It remains unknown what exactly the 22 emails contain, given their classification as “top secret,” but the officials described them generally, on the condition of anonymity. The officials included people familiar with or involved in the handling of the emails in government agencies and in Congress.


Some of the emails include material classified at the highest levels, known as Top Secret/S.A.P., according to a letter sent to the Senate on Jan. 14 by the inspector general of the nation’s intelligence agencies, I. Charles McCullough III. That designation refers to “special access programs,” which are among the government’s most closely guarded secrets.

Several officials said that at least one of the emails contained oblique references to C.I.A. operatives. One of the messages has been given a designation of “HCS-O” — indicating that the information was derived from human intelligence sources — a detail that was first reported by Fox News. The officials said that none of the emails mention specific names of C.I.A. officers or the spy agency’s sources.

The government officials said that discussions in an email thread about a New York Times article — the officials did not say which article — contained sensitive information about the intelligence surrounding the C.I.A.’s drone activities, particularly in Pakistan.

The officials said that at least one of the 22 emails came from Richard C. Holbrooke, who as the administration’s special envoy for Afghanistan and Pakistan would have been intimately involved in dealing with the ramifications of drone strikes. Mr. Holbrooke died in December 2010.
Photo
People gathered at the site of a missile attack in the village of Tappi, Pakistan, near the Afghan border, in October 2008. The C.I.A.’s drone program remains classified, though its existence is widely known. Credit Haji Mujtaba/Reuters

Mrs. Clinton’s use of a private email server while secretary of state was first disclosed in March, and since then the State Department has slowly released 33,000 emails that Mrs. Clinton and her aides determined were work-related. None of the emails sent through Mrs. Clinton’s server were marked as classified, the officials said, and most were written by her aides and forwarded to her. That is also true of the emails forwarded to Mr. Powell and Ms. Rice, which until now have been in the department’s unclassified archives.

The handling of classified information on Mrs. Clinton’s server is now the subject of an investigation by the Federal Bureau of Investigation, as well as the State Department’s security and intelligence bureaus. According to the law and security procedures Mrs. Clinton agreed to follow when she became secretary, such material should not even have been sent over the State Department’s official but unclassified state.gov server.

At the same time, the officials said, some of the classifications being sought for the emails fall into a gray area between public knowledge and secrecy. In such instances, the original source of the information — and thus the level of its classification — can be disputed, and has been, vigorously at times, they said. Other emails have been the subject of rigorous debate over what constitutes a secret and what the nation’s diplomats can say about intelligence matters as they grapple with international crises.


“While the secretary of state has a duty to protect classified information, as all of us do in a position of trust, here she did not have the benefit of six-plus months of interagency classification reviews,” said Representative Adam B. Schiff of California, the top Democrat on the House Intelligence Committee. “The same information said by people in two different positions may receive two opposite classification determinations.” Though the State Department accepted the C.I.A.’s classification of the 22 emails, it has also sought to challenge accusations that it was negligent in handling secrets.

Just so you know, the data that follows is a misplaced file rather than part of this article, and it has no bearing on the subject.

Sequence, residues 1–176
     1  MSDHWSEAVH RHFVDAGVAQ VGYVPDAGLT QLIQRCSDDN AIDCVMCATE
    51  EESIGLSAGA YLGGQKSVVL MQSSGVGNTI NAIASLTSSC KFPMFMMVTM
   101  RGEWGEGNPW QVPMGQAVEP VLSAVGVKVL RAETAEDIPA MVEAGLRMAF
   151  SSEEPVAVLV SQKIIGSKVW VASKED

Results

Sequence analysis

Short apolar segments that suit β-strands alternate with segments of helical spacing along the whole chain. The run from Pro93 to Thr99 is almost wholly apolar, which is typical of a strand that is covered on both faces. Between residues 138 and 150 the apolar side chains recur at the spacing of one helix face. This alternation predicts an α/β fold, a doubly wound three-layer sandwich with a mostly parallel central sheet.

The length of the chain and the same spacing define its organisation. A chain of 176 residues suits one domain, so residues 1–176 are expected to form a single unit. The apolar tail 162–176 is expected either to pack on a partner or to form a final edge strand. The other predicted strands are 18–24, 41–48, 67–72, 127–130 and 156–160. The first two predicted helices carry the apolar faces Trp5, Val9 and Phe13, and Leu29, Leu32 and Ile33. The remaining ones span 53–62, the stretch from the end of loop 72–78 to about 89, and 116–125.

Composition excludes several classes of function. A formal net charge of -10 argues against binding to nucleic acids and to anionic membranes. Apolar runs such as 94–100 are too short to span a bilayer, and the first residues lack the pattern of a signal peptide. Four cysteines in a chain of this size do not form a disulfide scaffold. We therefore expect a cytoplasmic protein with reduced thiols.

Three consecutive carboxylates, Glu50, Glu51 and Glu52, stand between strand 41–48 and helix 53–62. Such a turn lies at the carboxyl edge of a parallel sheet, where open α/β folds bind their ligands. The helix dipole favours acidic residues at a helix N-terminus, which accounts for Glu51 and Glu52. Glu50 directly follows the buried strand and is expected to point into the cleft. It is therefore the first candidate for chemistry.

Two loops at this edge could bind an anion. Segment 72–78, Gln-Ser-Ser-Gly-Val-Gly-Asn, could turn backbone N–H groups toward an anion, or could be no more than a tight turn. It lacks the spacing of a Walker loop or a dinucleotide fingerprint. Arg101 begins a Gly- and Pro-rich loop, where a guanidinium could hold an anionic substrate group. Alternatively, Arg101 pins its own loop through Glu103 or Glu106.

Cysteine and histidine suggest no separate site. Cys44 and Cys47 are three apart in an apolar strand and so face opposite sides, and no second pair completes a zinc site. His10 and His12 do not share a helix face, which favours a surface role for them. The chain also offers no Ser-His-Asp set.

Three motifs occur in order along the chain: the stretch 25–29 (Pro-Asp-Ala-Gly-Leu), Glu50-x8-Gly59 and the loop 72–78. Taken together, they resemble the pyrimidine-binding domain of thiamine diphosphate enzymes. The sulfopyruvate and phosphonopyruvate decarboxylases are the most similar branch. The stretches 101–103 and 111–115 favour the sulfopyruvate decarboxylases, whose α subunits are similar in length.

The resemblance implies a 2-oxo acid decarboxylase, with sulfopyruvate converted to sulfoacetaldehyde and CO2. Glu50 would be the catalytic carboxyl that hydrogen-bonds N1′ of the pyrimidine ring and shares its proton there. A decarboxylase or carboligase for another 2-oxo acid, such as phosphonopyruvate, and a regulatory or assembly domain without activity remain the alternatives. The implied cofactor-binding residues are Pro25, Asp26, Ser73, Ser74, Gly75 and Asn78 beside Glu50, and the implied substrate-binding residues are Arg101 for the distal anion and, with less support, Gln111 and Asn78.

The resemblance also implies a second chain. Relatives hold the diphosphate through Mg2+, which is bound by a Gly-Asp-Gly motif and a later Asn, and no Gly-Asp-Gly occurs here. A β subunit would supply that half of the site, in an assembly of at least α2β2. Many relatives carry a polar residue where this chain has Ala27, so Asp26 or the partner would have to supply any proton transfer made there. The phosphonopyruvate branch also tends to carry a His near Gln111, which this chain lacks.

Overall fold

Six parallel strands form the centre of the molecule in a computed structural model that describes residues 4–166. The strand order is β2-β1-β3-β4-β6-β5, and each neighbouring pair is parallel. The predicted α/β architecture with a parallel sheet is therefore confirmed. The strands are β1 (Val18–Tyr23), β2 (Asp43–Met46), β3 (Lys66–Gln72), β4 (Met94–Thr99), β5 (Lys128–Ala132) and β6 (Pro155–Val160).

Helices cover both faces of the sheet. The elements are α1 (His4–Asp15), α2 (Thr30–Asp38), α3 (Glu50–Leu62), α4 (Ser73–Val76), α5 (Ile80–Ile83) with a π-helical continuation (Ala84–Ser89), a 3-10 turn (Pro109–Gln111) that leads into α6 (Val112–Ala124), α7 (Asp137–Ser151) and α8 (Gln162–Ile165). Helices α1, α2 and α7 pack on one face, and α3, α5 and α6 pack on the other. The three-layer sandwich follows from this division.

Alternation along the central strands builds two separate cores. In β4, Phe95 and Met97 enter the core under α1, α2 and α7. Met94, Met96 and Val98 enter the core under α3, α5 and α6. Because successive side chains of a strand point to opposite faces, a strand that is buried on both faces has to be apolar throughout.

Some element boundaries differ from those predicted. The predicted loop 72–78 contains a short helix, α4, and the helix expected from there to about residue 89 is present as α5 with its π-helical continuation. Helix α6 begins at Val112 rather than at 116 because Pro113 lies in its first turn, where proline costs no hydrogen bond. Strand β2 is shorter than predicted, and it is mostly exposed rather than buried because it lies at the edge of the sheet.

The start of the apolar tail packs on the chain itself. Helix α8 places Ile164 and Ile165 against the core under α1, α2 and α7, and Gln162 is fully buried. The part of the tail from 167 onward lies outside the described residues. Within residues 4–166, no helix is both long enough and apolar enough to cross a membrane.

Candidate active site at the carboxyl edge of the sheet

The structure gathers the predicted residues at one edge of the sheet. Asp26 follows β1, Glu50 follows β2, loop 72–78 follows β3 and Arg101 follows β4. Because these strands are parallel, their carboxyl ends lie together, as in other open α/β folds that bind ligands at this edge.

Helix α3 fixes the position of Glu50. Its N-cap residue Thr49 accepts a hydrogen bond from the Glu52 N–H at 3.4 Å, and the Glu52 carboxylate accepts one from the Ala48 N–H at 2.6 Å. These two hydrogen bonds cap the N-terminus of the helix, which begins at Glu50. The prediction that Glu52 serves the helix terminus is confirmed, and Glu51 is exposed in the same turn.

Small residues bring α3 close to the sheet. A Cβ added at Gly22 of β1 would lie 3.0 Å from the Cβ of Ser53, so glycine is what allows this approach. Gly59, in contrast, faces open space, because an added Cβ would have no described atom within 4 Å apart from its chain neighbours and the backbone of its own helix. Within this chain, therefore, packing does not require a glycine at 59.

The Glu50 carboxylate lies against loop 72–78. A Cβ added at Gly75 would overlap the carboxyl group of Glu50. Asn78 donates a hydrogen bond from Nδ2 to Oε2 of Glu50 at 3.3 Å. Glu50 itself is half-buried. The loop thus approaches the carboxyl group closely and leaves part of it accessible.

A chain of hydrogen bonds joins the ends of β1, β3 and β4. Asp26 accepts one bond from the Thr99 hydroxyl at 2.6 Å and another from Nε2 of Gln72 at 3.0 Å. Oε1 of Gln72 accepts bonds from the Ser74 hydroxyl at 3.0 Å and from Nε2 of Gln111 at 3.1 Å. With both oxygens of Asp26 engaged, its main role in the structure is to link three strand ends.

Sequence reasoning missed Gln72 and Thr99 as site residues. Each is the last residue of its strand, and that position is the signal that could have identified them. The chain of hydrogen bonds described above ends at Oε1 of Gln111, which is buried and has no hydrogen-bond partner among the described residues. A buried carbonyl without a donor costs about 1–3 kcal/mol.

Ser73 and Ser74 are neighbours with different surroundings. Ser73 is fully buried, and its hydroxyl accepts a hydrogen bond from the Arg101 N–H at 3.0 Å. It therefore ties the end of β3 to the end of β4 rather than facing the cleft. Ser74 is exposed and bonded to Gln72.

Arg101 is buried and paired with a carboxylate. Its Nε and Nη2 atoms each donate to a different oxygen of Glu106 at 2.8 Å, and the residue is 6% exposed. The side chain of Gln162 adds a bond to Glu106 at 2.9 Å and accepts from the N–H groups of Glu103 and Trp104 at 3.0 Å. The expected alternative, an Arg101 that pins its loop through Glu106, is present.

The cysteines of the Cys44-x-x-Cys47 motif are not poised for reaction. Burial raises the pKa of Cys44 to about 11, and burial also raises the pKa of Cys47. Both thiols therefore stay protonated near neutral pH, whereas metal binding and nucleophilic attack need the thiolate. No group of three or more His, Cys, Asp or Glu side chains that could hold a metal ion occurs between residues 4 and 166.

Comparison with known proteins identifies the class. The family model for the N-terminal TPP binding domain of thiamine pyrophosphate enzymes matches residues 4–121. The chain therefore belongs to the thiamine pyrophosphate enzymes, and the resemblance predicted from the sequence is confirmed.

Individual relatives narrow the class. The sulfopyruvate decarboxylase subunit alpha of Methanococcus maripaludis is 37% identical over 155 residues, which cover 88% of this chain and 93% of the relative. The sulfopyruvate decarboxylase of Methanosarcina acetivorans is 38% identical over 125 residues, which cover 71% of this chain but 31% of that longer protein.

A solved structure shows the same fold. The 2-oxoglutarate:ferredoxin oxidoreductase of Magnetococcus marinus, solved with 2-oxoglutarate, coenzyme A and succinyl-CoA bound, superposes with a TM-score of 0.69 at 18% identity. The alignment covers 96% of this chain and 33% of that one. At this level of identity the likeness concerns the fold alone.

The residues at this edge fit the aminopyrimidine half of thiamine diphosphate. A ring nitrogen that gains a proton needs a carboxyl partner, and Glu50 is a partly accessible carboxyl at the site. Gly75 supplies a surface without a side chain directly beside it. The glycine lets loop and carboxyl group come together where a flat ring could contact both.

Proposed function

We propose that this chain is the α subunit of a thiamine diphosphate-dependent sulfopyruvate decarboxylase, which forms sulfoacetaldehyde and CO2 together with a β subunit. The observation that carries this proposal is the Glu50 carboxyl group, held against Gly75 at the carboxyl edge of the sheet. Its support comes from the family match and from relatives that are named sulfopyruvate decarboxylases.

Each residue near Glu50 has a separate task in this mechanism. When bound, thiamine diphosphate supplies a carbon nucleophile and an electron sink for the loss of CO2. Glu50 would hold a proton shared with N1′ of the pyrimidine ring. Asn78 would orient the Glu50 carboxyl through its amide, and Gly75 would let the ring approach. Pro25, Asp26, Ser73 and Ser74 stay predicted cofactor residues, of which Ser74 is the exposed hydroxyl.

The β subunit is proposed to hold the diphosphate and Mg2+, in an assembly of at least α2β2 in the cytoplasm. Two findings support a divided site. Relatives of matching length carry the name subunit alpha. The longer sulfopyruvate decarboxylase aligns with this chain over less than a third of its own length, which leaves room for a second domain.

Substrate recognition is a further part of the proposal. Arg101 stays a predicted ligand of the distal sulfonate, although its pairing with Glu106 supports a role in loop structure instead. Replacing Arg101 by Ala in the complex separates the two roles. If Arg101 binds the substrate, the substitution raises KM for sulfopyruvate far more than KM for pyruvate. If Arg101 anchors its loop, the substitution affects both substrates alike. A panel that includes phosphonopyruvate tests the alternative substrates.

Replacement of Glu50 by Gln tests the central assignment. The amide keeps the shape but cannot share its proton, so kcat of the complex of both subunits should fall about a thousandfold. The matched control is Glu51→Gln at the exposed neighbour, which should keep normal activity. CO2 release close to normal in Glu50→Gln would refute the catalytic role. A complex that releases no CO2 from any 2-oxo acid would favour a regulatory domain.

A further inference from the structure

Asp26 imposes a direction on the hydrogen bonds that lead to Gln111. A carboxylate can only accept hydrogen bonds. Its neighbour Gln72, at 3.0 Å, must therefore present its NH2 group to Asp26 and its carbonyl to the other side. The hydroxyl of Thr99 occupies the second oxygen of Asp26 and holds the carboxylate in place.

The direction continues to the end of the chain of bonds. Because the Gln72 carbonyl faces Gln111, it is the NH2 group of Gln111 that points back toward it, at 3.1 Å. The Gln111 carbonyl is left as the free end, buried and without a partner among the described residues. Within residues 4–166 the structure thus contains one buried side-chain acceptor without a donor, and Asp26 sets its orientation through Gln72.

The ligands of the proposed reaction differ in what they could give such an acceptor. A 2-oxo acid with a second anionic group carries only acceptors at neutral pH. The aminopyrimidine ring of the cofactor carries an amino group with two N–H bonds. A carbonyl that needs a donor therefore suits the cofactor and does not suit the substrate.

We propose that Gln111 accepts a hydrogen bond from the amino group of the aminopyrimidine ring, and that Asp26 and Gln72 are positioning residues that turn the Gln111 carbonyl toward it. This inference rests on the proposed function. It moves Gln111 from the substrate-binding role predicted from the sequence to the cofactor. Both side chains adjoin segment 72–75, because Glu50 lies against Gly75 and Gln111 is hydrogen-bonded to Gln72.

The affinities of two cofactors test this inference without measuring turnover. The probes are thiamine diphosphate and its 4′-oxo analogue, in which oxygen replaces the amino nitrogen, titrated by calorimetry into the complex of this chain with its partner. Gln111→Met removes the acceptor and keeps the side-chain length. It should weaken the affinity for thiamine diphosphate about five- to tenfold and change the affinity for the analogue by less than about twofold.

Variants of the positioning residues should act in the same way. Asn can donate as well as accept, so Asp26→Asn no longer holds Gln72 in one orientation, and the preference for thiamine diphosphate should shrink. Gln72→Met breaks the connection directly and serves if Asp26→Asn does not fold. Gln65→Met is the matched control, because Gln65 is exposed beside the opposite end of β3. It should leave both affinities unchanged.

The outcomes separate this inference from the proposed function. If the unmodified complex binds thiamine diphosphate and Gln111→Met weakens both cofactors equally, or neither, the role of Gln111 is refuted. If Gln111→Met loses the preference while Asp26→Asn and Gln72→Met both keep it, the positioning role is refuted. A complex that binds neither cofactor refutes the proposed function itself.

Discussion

During the review, the State Department has rebutted claims by at least one intelligence agency that information in some of the emails ought to remain classified.

Some of those include the emails that led Mr. McCullough’s office to refer the matter to the Justice Department last summer, prompting the F.B.I.’s investigation. Mr. McCullough made the referral based on an assessment that four of 40 emails that it sampled early on in the process contained “top secret” information.


Now, after months of review, only one of those four turned out to be classified at that level. (The State Department counts that email among the 22 of last week.) A second of the four emails has been downgraded to “confidential,” the lowest level of classification. The third was released last fall.
Different Sources

The fourth involved an email sent by Kurt M. Campbell, the assistant secretary of state for Asian affairs, shortly after a North Korean ballistic missile test in July 2009. The email has not yet been made public, even in redacted form, but the State Department has challenged an assertion from the National Geospatial-Intelligence Agency, which gathers data through satellite images, that the email included information that came from a highly classified program.

In a letter this past Dec. 15 to Senator Bob Corker, the Tennessee Republican who is chairman of the Senate Foreign Relations Committee, a State Department official said that the information could not have been based on N.G.A.’s intelligence because Mr. Campbell did not receive any classified intelligence briefings for what was a new job for him until a few days after the North Korean test.